What percentage of atheists are antitheists

Aggressive atheists and those who marry in church

A US study undertakes the typology of a misunderstood mindset

Atheists differ from one another - what seems like a matter of course is in a different light when prejudices and official categorizations provide the measure. Stereotypically, atheists in their dogmatics and aggressiveness, which they are generally imputed to, form a homogeneous unit, if not a separate and unified church that shares a major theme with the confessional, God. And in passport and other official documents, atheists are all lumped into a category under "non-denominational" without any further distinction. A scientific paper from the psychology faculty of the University of Tennessee at Chattanooga (UTC) looked for differentiations.

In the presentation of the study, spiced with self-deprecating undertones, the authors set up six categories that add up to a strong, absolute "no" to the prejudices that all atheists are belligerent, aggressive and dogmatic, but in detail they are not eternal Understand truths. The study was based on qualitative interviews with 59 people, followed by a quantitative survey of 1,000 non-believers from all parts of the USA who agreed to an Internet interview with 300 questions.


According to the work of Christopher F. Silver and his colleagues, the closest thing to the prejudice "aggressive and dogmatic" is the non-believer of the "anti-theist" type, who is subsumed under the fourth category and is the third largest group with 14.8 percent. The characteristic is that the anti-theist is diametrically opposed to religious ideology and expresses his views "proactively and aggressively" towards others as soon as he deems it appropriate, for educational reasons. In the eyes of the anti-theists, religion is a sign of ignorance, anyone who is connected with it in any way is considered backward and socially harmful to them:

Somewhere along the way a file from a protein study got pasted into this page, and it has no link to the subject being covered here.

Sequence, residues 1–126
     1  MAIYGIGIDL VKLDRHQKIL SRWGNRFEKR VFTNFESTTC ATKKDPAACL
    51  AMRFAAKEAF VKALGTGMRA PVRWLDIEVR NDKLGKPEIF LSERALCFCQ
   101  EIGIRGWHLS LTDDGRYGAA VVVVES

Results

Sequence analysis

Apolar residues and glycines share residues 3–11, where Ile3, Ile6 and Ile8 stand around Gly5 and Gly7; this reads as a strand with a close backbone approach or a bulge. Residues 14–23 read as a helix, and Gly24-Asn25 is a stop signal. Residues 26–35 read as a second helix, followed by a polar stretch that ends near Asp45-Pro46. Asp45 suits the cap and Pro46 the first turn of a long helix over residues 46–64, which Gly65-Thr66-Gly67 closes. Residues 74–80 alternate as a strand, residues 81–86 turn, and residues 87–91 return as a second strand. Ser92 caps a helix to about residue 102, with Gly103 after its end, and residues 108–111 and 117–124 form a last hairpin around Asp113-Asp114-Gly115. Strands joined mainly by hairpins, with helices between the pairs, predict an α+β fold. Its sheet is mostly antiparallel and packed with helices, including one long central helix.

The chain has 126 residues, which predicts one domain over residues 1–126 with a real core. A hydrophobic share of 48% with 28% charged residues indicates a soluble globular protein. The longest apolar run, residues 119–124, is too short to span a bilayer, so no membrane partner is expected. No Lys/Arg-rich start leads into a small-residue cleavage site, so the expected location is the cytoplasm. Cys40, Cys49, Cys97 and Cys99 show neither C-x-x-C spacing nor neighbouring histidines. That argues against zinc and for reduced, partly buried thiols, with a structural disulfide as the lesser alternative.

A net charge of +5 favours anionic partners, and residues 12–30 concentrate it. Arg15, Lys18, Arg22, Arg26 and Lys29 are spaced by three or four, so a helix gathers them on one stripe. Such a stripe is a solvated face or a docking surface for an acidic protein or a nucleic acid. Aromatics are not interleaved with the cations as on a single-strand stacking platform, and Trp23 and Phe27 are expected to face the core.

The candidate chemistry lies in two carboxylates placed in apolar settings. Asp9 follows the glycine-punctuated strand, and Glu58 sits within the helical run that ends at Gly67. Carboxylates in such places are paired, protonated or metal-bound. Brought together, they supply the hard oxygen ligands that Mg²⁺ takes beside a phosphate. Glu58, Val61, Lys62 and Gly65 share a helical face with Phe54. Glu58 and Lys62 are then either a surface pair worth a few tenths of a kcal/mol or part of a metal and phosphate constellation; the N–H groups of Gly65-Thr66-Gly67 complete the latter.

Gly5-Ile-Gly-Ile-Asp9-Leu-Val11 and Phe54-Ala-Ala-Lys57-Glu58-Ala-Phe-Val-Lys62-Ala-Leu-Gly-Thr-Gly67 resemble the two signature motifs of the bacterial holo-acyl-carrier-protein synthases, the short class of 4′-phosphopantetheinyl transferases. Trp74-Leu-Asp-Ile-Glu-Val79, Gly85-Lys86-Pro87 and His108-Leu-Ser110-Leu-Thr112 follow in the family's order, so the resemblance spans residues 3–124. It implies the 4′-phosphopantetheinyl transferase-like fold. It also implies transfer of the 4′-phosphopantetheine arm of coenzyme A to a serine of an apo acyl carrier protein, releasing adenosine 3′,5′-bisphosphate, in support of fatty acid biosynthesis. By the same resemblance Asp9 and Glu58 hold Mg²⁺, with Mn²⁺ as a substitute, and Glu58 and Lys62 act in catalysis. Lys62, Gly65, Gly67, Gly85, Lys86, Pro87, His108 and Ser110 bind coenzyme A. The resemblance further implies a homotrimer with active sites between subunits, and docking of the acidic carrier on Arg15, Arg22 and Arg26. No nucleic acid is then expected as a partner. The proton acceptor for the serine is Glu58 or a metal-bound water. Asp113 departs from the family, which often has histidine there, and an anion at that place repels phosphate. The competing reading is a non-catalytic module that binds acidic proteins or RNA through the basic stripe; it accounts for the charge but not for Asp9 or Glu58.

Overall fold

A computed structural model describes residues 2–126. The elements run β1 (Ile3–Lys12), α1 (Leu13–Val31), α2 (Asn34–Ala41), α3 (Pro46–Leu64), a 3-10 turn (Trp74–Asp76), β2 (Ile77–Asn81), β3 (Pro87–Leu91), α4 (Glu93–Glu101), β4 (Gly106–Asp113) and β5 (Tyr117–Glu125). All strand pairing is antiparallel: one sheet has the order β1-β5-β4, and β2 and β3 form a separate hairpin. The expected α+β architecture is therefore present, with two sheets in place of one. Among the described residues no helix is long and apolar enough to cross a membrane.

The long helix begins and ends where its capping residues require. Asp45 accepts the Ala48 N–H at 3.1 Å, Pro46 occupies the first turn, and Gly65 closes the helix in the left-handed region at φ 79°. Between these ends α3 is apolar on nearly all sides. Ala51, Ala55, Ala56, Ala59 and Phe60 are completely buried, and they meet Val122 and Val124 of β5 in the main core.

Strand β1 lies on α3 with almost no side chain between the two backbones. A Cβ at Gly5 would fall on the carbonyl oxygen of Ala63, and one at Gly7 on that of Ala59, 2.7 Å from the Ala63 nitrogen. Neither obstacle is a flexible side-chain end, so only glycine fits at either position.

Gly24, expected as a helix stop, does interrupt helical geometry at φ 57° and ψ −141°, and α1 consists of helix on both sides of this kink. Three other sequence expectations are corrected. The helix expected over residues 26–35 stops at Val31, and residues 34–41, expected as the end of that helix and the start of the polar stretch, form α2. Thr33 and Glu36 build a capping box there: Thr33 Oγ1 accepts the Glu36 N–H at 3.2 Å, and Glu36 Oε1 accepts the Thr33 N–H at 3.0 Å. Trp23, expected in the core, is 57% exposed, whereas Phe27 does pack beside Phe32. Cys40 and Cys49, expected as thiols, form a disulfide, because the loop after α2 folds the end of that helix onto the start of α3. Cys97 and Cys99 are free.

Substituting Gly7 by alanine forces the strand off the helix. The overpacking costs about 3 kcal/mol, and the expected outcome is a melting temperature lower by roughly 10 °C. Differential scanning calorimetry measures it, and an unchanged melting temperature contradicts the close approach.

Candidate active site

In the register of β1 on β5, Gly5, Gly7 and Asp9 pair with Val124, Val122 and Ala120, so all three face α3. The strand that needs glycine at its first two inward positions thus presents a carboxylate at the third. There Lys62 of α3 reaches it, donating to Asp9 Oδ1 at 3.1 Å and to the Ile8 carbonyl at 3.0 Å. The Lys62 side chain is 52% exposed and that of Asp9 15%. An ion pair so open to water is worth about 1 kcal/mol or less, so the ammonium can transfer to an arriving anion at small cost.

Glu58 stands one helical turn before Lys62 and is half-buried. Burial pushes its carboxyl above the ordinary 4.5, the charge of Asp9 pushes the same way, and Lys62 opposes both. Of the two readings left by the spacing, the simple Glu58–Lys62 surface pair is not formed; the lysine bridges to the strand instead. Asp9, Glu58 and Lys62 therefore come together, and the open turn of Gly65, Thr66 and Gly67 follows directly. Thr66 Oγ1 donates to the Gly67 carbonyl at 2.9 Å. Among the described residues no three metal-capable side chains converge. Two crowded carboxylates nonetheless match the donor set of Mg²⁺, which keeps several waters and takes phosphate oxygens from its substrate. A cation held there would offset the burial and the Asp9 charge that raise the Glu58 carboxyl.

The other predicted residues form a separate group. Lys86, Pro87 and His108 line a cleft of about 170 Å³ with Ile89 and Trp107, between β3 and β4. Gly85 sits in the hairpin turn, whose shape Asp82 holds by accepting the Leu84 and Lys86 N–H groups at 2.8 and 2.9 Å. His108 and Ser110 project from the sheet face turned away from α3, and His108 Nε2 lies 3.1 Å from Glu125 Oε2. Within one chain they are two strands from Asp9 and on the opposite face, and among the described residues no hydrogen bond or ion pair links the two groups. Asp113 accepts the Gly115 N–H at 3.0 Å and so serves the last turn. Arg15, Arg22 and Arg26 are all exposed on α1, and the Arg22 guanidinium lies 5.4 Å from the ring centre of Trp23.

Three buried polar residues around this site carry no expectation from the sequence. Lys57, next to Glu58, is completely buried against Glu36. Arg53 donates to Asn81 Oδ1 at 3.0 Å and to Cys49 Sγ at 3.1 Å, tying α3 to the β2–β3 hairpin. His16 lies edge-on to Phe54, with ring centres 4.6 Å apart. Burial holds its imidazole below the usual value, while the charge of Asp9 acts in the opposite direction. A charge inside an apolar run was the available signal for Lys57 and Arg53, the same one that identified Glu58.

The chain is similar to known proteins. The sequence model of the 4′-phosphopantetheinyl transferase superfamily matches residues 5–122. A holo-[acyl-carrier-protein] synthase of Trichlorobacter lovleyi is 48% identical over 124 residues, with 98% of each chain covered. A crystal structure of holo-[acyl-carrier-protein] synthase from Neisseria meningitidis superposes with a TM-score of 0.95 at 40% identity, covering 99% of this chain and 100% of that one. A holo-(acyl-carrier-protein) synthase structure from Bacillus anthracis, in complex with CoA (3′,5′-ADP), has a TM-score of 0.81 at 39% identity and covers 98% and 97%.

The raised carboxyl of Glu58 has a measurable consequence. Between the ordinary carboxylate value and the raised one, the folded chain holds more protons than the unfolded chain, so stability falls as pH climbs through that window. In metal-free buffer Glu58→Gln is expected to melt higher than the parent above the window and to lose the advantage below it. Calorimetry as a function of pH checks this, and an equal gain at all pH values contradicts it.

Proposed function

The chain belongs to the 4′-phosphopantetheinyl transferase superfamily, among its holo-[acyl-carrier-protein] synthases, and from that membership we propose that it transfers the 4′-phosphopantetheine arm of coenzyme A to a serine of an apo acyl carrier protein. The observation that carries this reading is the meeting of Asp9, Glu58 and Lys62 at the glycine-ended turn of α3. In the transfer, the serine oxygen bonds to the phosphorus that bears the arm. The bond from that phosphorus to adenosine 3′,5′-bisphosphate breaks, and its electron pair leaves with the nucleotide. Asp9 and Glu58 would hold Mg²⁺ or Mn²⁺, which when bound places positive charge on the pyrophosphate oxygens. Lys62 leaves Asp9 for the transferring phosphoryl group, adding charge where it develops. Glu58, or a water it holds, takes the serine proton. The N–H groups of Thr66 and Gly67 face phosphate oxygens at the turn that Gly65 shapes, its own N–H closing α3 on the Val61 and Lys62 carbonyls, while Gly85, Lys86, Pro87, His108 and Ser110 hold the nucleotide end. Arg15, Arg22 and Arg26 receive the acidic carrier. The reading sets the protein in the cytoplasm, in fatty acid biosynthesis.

The anti-theists have a clear - and in their eyes superior - understanding of the limitations and dangers of religion.

Some of them feel obliged, because of the logical gaps in religion and its anti-modern worldviews, to teach the followers of the religion wrong and in fields that offer themselves to fight against religion in its various manifestations and institutions, while others stand up be content with an individual discussion, for example in a one-on-one or table discussion. Despite all the aggressiveness that can come into play, the reaction of antitheists to religious followers is often based on social and psychological maturity.

The US researchers have given the most widespread form (37 percent) of atheism, which is also named as the first category, the label "Intellectual Atheist / Agnostic (IAA)". You would be distinguished by the pursuit of intellectual education, the search for knowledge. These atheists are usually very well read and well informed about scriptures on belief and disbelief, which they then proudly quote in discussions and debates, both of which they greatly appreciate.

The intellectual atheists / agnostics, activists and seeking agnostics

Discussions in which epistemological positions on the question of the existence of God come into play are particularly valued by this type, who, in addition to intellectual books, also reads a lot on the Internet and from "blogs, YouTube, podcasts, etc." collects extensive information and knowledge, which he also likes to discuss online and learn in the process.